Quick Excel formula

I found a lovely Excel formula that we can all use based on the comments below the line of a blog post by Excel Tactics.

=SUBSTITUTE(RIGHT(SUBSTITUTE(TRIM(A1), "\", REPT("\", 99)), 99),"\","")

This fab formula find the leaf folder name from a path.  For example, it extracts “New Folder” from “C:\windows\system\WoW64\bin\New Folder”.  The best thing being that it does it in an elegant way.
There is also the equally elegant version that works for spaces only and uses TRIM.

=TRIM(RIGHT(SUBSTITUTE(TRIM(A1), " ", REPT(" ", 999)), 999))

Microsoft DFS Replication staging area calculation

When implementing Microsoft Distributed File Services Replication, Microsoft provides variations on the following Powershell command.  The goal is to find out the 32 largest files (Windows Server 2008 and later) in a file system and report it.  The admin then creates the DFSR staging area to this size. Continue reading

ZoneMinder 1.26.5 on a Raspberry Pi

Following a short spate of thefts, I decided to get an IP camera to cover the front of my house.  I would use my lab, or better still, my Pi to monitor the camera and record the thief of my milkman-delivered milk and take a record of everyone who thinks it’s okay to turn their car around on my drive.  It’s not okay, by the way, it bothers me irrationally. Continue reading

vmWare vSphere swap

In a vSphere / vCenter / ESXi infrastructure there are two types of memory swapping.  In this example, I will focus on Windows Server 2012 swap files (although this doesn’t really change much) and the vSphere vswp swap file.  Both of these files take up the same amount of disk space as RAM so can turn into a large commitment of disk space across multiple virtual servers, especially now that RAM requirements are getting larger.  The last generation of Microsoft server software thought disk was now ‘cheap’ and the latest generation adds memory to this list. Continue reading

Very quick Exchange 2010 mailbox queries

It’s a very quick Powershell blog.  Mount Points are such a pain in the bum.  They’re great but just are not supported for easy querying.

The powershell get-mailboxdatabase | select name,edbfilepath,logfolderpath,servers gives you the name, location of the mailbox database and which servers it’s on.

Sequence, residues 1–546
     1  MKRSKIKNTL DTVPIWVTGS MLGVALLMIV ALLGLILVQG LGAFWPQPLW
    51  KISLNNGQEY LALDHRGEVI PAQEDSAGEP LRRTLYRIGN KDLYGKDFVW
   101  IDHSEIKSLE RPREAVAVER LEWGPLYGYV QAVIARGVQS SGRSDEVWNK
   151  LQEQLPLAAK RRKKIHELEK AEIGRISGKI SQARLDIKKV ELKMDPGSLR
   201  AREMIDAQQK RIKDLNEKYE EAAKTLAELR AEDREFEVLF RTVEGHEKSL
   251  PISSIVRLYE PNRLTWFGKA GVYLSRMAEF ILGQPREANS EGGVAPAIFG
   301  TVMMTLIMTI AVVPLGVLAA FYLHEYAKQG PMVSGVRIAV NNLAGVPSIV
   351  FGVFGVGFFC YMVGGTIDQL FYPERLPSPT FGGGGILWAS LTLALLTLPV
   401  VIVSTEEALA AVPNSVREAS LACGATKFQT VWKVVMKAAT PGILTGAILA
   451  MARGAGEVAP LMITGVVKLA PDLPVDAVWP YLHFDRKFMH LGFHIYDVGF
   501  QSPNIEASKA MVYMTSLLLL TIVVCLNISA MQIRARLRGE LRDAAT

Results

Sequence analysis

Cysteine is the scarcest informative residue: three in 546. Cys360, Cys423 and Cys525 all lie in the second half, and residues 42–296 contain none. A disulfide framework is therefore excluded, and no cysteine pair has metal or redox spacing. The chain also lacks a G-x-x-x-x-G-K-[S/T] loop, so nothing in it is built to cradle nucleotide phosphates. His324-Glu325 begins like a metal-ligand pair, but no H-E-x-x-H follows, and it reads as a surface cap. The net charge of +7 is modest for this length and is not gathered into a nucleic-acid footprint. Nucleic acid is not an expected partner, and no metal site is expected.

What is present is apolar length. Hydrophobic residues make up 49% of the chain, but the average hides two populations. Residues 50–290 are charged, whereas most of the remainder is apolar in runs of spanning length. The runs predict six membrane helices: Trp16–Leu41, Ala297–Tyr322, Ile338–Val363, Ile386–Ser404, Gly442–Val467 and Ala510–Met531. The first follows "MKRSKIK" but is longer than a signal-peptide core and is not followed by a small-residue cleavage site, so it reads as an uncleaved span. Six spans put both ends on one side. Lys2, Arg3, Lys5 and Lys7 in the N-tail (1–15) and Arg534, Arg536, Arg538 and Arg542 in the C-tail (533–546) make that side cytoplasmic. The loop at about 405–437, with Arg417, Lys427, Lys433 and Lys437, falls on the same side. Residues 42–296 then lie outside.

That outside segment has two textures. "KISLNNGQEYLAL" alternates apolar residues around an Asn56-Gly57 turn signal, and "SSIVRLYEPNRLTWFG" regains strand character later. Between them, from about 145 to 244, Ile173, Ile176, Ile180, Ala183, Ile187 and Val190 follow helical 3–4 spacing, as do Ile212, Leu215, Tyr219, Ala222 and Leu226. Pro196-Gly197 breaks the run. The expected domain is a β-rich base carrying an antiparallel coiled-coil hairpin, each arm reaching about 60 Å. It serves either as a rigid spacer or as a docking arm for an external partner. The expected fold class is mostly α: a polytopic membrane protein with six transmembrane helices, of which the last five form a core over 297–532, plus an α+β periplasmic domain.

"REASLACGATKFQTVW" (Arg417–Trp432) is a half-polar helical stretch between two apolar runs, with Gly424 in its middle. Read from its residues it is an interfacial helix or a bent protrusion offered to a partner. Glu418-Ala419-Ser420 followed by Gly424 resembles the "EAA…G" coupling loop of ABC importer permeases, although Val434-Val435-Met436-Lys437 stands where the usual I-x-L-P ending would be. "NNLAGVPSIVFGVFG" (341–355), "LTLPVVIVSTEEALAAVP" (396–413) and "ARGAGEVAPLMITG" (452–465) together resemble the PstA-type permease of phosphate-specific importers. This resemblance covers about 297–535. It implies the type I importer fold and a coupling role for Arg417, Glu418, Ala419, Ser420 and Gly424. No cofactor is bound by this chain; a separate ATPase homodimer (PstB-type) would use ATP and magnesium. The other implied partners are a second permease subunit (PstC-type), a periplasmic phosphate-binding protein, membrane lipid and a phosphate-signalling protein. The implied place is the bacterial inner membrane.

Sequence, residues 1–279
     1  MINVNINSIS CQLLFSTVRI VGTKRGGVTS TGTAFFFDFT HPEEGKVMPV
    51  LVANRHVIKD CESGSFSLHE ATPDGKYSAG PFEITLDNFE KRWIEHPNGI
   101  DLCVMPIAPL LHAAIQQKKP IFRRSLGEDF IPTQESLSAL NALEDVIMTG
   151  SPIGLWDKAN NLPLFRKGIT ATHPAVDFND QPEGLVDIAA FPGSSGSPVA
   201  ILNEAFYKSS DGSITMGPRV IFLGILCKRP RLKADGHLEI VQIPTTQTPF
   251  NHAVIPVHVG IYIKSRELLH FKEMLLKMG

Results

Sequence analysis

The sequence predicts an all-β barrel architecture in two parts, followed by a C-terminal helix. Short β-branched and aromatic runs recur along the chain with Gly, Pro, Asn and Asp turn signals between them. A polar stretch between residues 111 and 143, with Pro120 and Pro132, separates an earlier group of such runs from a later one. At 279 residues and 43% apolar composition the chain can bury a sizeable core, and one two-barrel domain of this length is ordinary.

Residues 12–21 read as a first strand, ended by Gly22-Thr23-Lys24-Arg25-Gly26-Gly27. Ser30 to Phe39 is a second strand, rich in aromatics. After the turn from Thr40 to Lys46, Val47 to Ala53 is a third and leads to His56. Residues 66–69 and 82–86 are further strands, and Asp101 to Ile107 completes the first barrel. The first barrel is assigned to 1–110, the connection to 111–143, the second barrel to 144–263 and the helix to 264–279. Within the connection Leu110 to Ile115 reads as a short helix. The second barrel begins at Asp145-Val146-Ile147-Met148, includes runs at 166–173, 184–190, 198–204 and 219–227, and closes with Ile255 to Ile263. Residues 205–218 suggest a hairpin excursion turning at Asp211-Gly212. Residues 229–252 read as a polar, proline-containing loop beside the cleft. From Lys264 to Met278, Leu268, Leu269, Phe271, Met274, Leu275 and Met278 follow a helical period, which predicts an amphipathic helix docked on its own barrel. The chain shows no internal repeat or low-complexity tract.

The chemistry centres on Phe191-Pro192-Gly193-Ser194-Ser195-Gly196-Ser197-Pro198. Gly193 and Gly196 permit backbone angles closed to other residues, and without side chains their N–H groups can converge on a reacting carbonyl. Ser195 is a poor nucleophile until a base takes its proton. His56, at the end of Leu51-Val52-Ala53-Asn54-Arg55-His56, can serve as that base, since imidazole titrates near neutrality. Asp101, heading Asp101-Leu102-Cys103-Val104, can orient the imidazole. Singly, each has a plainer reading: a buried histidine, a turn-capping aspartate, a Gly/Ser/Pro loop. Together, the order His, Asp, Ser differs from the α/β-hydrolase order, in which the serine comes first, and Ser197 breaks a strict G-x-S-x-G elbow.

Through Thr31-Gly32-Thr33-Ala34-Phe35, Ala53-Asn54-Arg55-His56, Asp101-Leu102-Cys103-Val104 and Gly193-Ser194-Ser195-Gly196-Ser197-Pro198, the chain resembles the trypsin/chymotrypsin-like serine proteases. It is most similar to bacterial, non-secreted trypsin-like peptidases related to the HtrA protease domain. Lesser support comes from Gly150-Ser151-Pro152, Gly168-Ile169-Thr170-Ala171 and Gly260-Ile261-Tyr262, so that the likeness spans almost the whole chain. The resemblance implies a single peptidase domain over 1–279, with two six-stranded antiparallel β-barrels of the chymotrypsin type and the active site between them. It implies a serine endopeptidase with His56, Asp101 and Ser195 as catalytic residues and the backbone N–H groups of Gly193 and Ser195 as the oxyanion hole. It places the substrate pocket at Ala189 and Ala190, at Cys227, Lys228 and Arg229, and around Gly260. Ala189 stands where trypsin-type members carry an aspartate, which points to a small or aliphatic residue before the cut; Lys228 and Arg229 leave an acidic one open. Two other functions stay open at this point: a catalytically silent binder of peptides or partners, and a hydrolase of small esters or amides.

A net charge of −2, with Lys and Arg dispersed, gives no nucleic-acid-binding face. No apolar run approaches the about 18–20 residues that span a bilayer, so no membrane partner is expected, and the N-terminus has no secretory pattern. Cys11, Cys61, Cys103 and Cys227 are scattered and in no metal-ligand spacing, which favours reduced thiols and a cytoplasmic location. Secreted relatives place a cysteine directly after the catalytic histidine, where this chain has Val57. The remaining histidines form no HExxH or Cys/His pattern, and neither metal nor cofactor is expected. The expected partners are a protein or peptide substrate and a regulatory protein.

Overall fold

Get-WMiObject -computer . Win32_Volume | Sort-Object name | format-table name,label,@{Label=”SizeGB”;Expression={ “{0:f2}” -f $($_.Capacity/1GB) } },@{Label=”FreeGB”;Expression={ “{0:f2}” -f $($_.FreeSpace/1GB)} },@{Label=”PctFree”;Expression={ “{0:f2}” -f $(100-(([double]$_.Capacity-[double]$_.FreeSpace)*100/[double]$_.Capacity))}}

This lists the df -H information: Disk mount point or drive letter, capacity (GB) and free space in GB and as a percentage to two decimal places.  Between the two, you can easily work out what is where.

I have to admit the latter looks better as a script, but I’m going back to my early days of UNIX scripts to manipulate data.  Every script had to fit onto as few, long lines as possible.

Change the “.” after -computer to run it on a remote computer.

VMware whiteboxes can exceed the HCL limitations

If you are building an ESXi whitebox, or considering building a whitebox, you’ll find that there are lots of great motherboards out there that have a network card chipset that isn’t supported by ESXi.  I have two exactly like that.  The perceived wisdom is to purchase a PCIe NIC that is on the HCL – but how easy is it to add a driver to the Linux based ESXi kernel?  Very easy.  A bit of research and it took me 30 minutes to get an Intel motherboard with an Intel 82579 Gigabit LAN controller running ESXi 5.1. Continue reading

VMware datastores can hide many misdemeanours

vCenter datastores can secretly hold vast quantities of unwanted data: virtual machines removed from inventory but not deleted from disk.  Deleted disks on virtual machines that just hang around on the data store eating up space.  I’ve found this can, over time, reduce your expensive storage capacity and leave you buying more storage unnecessarily, but i couldn’t find anything to identify these files, except in VSphere Orchestrator. Continue reading